Mark Whittle, Professor of Astronomy at the University of Virginia, has put together the most comprehensive and comprehensible treatment on the subject of cosmology that I have ever encountered. Cosmology: The History and Nature of Our Universe, a series of 36 thirty-minute video lectures for The Great Courses (Course No. 1830), is a truly remarkable achievement.
Even though this course was released ten years ago in 2008, all of the material is still completely relevant. This is the course on cosmology that I’ve always wanted but never had. Enjoy!
Cosmology has come a long ways since I was a physics and astronomy student at Iowa State University from 1975-1980, and again in 1981, 1984, and 2000-2005. I’m glad to see a course specifically about cosmology is now offered at a number of universities. When I was an undergraduate student at ISU, it was unheard of. The University of Wisconsin at Madison Department of Astronomy currently offers both an undergraduate and a graduate course in cosmology: Astronomy 335 – Cosmology, and Astronomy 735 – Observational Cosmology. And the Department of Physics & Astronomy at Iowa State University now offers an undergraduate/graduate dual-listed cosmology course: Astro 405/505 – Astrophysical Cosmology.
When I retire in a few years, I would love to be a “fly on the wall” at the UW-Madison astronomy department. Wonder if they could use an expert SAS programmer to help analyze the massive quantities of data they surely must have? (Though the last time I interviewed for an astronomy job, at the McDonald Observatory in Texas, the interviewers had never heard of SAS but asked if I knew Python, which of course is what nearly everyone is looking for and using these days. Tomorrow, it will be something else…). In retirement, at the very least I would love to immerse myself in a few astronomy courses at UW-Madison. Something to look forward to!
With the advent of relatively inexpensive CCD cameras, amateur astronomers with modest-sized telescopes are in an excellent position to contribute valuable scientific data to the astronomical community. One type of object that can be very interesting and useful to observe is the eclipsing binary. And there are a lot of them.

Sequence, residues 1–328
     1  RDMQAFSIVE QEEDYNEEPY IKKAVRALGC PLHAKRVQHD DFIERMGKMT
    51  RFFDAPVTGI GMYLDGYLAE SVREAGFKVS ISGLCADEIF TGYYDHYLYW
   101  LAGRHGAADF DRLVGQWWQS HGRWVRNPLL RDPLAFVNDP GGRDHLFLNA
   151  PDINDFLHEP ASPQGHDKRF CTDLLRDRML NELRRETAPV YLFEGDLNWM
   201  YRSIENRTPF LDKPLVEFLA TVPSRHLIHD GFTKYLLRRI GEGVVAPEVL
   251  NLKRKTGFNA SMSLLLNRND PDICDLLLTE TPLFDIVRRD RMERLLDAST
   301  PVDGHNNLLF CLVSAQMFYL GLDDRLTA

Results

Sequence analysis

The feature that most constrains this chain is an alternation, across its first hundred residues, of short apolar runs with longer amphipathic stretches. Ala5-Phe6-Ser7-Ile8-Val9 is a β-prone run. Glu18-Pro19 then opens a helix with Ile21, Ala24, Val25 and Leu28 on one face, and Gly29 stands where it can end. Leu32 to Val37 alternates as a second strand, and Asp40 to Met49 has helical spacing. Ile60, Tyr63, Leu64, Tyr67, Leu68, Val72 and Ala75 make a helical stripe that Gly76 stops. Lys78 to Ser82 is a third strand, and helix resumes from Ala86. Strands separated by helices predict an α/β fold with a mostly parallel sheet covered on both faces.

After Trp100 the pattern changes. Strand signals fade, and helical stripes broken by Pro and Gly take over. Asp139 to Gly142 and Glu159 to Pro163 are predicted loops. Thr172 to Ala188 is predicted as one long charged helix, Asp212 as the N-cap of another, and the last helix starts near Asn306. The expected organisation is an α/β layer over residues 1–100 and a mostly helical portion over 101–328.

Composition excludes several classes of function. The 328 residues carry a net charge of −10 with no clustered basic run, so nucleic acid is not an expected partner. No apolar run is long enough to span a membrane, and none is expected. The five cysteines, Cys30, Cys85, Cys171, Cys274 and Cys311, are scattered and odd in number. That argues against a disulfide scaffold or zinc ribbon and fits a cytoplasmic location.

Due to a sometimes fortuitous alignment of the orbital plane of a binary star along or near our line of sight, one or both stars pass directly in front of the other periodically, and this type of object is known as an eclipsing binary.
The brightest eclipsing binary in our sky is Algol (Beta (β) Persei). Known to vary in brightness since antiquity, astute ancient Arab astronomers gave Beta Persei the name “al Ghul” which, loosely translated, means “the Demon Star”. Today, we know that Algol’s brightness variations are caused by a hot blue B8V star (Algol A) going behind and in front of its cooler and less massive but larger K0IV companion (Algol B). Since the two stars orbit each other once every 2.867328 days (they are very close, separated by just a little over 5½ million miles), every 2 days, 20 hours, 48 minutes, and 57 seconds Algol B passes in front of much-brighter Algol A for a few hours, and the single point of light we see from Earth dims by 1.3 magnitudes. This is the primary eclipse. A secondary eclipse also occurs half a period before or after each primary eclipse. When Algol A passes in front of Algol B, the brightness of the point of light we see drops by only 0.05 magnitude. This shallow secondary minimum occurs because Algol B is not nearly as bright as Algol A.
Eclipsing binaries like Algol (which are close enough to each other to form an interacting pair) are interesting subjects for amateur astronomers to monitor. Periods can change, phases can shift, and unexpected events can occur, such as when Dr. Jim Pierce (now Emeritus Professor of Astronomy at Minnesota State University in Mankato) and I were the first to observe ultraviolet flare events from the eclipsing binary V471 Tau at Iowa State University’s Erwin W. Fick Observatory in 1978.
So, how do you know when eclipses will occur, how deep they will be, and how long to monitor the star before, during, and after the event? A great starting point is the Eclipsing Binary Ephemeris Generator by Shawn Dvorak which shows you a number of stars that will be in eclipse and observable from your location on any given night. The Timing Database at Krakow (TIDAK), maintained by Jerzy M. Kreiner at the Mt. Suhora Astronomical Observatory in Poland, is another great source of eclipsing binary information.
A schedule, if you will, of eclipsing binary primary eclipses (like other astronomical events) is called an ephemeris. Eclipsing binary ephemerides look like this one for Algol: